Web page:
7. says:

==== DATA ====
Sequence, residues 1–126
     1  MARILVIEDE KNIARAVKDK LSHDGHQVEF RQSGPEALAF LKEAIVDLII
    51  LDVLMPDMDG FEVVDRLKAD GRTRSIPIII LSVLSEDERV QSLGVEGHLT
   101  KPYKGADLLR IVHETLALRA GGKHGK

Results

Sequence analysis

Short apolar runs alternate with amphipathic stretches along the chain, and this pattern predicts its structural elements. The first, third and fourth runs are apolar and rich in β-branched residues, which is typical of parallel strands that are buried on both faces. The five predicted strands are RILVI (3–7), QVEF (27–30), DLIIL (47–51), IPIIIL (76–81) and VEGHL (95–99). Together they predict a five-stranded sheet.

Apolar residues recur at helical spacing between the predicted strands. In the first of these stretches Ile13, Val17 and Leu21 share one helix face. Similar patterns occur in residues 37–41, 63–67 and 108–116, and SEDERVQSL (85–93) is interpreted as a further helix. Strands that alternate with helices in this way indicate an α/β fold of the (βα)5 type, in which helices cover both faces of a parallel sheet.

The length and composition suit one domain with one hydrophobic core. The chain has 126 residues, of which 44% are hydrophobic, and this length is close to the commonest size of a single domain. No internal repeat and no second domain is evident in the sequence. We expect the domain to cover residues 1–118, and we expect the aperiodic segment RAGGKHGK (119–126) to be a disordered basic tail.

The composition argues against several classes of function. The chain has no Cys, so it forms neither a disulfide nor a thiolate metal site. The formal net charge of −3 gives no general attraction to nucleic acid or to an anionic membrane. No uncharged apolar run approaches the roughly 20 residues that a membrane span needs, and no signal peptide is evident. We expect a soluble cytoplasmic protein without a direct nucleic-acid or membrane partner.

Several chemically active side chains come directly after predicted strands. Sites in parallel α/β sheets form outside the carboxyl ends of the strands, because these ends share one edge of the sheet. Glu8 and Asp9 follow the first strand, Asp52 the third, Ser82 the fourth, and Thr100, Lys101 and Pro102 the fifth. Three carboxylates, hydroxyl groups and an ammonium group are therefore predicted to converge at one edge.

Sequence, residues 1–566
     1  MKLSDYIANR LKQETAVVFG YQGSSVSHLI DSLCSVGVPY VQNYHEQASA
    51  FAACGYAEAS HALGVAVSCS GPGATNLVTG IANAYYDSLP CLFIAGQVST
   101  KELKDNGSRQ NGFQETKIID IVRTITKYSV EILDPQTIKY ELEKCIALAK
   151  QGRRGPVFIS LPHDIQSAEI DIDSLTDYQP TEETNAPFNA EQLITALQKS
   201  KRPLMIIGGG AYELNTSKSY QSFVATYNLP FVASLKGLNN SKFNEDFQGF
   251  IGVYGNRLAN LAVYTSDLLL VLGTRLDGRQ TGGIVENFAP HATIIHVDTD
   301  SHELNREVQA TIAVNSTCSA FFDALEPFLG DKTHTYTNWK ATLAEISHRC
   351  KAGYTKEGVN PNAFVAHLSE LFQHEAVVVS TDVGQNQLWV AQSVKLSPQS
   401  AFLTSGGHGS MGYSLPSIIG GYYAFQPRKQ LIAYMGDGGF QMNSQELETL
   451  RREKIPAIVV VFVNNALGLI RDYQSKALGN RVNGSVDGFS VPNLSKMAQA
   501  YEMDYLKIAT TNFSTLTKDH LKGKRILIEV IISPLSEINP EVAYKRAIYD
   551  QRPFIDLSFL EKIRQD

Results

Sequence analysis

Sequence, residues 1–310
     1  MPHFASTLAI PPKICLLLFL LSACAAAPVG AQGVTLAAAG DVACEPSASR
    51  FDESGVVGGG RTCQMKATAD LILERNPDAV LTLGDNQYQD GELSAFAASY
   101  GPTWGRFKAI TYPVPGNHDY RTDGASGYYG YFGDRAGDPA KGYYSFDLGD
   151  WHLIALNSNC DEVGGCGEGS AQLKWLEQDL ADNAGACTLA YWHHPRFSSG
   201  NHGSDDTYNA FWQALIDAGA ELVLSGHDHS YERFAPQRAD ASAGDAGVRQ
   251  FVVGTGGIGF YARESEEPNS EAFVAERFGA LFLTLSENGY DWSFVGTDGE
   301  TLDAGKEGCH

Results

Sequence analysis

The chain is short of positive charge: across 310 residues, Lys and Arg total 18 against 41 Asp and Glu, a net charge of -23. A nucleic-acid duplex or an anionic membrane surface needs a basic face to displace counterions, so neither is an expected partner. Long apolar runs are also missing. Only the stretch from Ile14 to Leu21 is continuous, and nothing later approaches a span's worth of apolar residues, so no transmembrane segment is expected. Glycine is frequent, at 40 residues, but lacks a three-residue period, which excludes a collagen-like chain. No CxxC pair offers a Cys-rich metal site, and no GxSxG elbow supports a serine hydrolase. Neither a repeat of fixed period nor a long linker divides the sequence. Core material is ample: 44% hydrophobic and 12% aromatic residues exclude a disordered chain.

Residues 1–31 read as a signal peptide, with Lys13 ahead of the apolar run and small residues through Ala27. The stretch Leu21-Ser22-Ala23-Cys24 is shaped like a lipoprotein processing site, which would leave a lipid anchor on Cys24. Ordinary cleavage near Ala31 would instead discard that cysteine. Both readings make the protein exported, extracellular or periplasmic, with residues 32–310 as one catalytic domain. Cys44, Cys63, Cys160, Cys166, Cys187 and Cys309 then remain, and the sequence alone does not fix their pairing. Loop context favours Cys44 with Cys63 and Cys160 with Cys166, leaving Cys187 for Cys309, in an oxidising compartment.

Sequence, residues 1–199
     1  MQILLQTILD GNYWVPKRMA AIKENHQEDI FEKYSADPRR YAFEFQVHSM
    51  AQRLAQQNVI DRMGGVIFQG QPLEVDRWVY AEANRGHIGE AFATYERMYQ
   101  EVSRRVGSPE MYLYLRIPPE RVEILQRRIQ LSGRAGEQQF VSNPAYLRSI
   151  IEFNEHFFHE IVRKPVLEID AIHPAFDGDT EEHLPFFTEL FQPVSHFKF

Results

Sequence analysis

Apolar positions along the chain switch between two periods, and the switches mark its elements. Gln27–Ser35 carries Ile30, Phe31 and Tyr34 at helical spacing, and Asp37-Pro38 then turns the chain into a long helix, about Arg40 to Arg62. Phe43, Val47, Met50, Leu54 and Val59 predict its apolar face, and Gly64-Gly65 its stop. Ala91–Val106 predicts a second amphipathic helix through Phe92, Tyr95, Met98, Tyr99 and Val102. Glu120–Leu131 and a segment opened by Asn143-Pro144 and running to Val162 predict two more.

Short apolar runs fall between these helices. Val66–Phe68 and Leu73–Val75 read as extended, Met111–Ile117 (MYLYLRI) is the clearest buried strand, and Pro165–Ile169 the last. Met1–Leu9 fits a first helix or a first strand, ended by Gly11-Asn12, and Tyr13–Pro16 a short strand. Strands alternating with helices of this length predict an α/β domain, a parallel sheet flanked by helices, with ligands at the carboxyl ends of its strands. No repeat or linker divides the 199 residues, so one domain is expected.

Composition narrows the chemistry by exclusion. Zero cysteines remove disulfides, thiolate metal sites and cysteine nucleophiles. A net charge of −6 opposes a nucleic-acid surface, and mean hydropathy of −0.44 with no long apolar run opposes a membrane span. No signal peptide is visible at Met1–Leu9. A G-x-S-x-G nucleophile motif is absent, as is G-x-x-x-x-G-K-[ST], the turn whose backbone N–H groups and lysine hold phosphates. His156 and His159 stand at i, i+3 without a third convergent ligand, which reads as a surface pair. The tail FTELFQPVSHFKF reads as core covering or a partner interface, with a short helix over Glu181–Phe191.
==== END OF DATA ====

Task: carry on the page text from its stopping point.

Charles de Lint seems to do what many New York Times Bestselling authors fail to do he is able to tell simple Note I do not mean simplistic stories, and keep the meat and potatoes in place What do I mean There is nothingirritating to me than a story which isa sketch than a story, where characters are given the thinnest of descriptive lines, where the plot is as thinly unveiled as the characters, are given to long dialogs that meander in order to get that extra pages in so th Charles de Lint seems to do what many New York Times Bestselling authors fail to do he is able to tell simple Note I do not mean simplistic stories, and keep the meat and potatoes in place What do I mean There is nothingirritating to me than a story which isa sketch than a story, where characters are given the thinnest of descriptive lines, where the plot is as thinly unveiled as the characters, are given to long dialogs that meander in order to get that extra pages in so that the book will be big enough to sell at a higher price and by this I do not mean that a book has to be thin It has to be what the story demands of it There is as much artistry in The Brother s Karamazov as there is with Of Mice and Men Both Dostoevsky and Steinbeck knew what was needed in their books, but never sacrificed quality What we have with de Lint s Dreams Underfoot is not only a great introduction to the Urban Fantasy world of Newford, but also characters who run the gambit between the fantastic and the tragic These are artists, mostly, and around their thirties or so They are characters who are trying to make a living, pay bills, improve their arts de Lint is also a folk musician , and who struggle with issues of the daily world What s also revealing about these set of short stories is not only has de Lint managed to capture the essence of many myths of the past, by portraying a good portion of the stories in tragic terms, tragedy being something we forget embodiesthan a few fantasies, myths, and fairy tales, but that these stories, in both their senses, have characters who are deeply affected and or scarred by their experiences, experiences that will not always resolve itself, if ever, at the end of the last page of the story I have read other de Lint novels Into the Green , The Little Country , Svaha , and Greenmantle What impresses me most about many of his stories is that they have real, and sometimes violent, grit They are fantastic, without simplifying the world The world outside can be a rough and sometimes unfair place, and at least on one level, perhaps metaphorically, Dreams Underfoot underscores this many times The other thing that strikes me is that while de Lint is not a Christian, and certainly not a Catholic in other places he has been quoted as not only being an Animist, but that he has trouble with organized religion , there is something defiantly liturgical in the sense in which he presents the magic in his Urban Fantasy as a process between the mythic and the man or woman who either is not aware, or struggles with his her spirituality In one of the stories, Jilly, an painter living in Newford and one who has experienced the fantastic, gives an explanation to a friend that the fantastic, the magical, has to be experienced by going through the process of the unfolding magic This is as much an explanation for the Sacraments and the Liturgy as it is a condition of confronting the magic of Newford And at least for de Lint, there is also the human element in the process, Its existence magic becomes an affirmation of the power of the human spirit can have over its own destiny 14 In the same way, liturgical and sacramental practices found in Christian spirituality requires the participation of the individual, is in fact a process by which one finds their destiny in the divine So, in one very real sense, all of the stories found in Dreams Underfoot are processes, and do affect the lives of the individuals who pass through them Other stories here haveof the horror embodied in them In fact, some of de Lint s early Newford novels, written under a pseudonym, are classified as horror In this collection, Pity the Monsters and Small Deaths , are examples, with Small Deaths displaying a really great kind of Hitchcock type of psychological horror, with just a touch of the magical to shape the story into something quite powerful There are also tragedies contained between these pages Freewheeling about a young, possibly schizophrenic, possibly magic touched young man, Zinc, whose freeing of bicycles are interpreted by the law as stealing is one such story What makes this story interesting, is that the story is told with no pontificating, so one does not know really which way he really is, magic touched or mentally ill And the ending is powerful enough to hit one square in the chest Another story, In the House of My Enemy is about child abuse and the consequences that usually end up at the foot of the abused In this story, we learn a littleabout Jilly s background, and her connection with the hurting she is always trying to help Here again, de Lint does not give us a satisfactory ending, even for a strong, brave, and resourceful person like Jilly, and the person she is trying to help in the story is faced with an obstacle so huge it overwhelms her It seems that for all the magic that happens in Newford, tragedy still occurs in the deepest part of the city, and like all great myths of the past and present, tragedy remains a key element in much of mythic storytelling The only distraction with this collection is a few glaring typos I found This is not the fault of the author, but of the editors and publishers of the book One last thought on these stories While reading this book, I was struck by how much it reminded me of Rod Stirling I ve always considered Stirling a great storyteller who found the new invention of the television a way to express his art, in the same way that Frank Zappa, a student of composition, found rock and not orchestral music as a format for his art Stirling was the master of irony, as the twists at the end of almost every Twilight Zone episode displayed brilliantly, and help to set up something not only stunning to the mind, but thought provoking at times as well I bring this up because this is the same type of thing that is exhibited in most of the stories of Dreams Underfoot , which only creates that added dimension of the process and the after effects and consequences magic has in Newford as well as for the reader, because like the residents of Newford, we too, through the joyous practice of reading, have completed all the journeys ourselves, and hopefully not afraid to walk the streets of Newford at night or meet the occasional faerie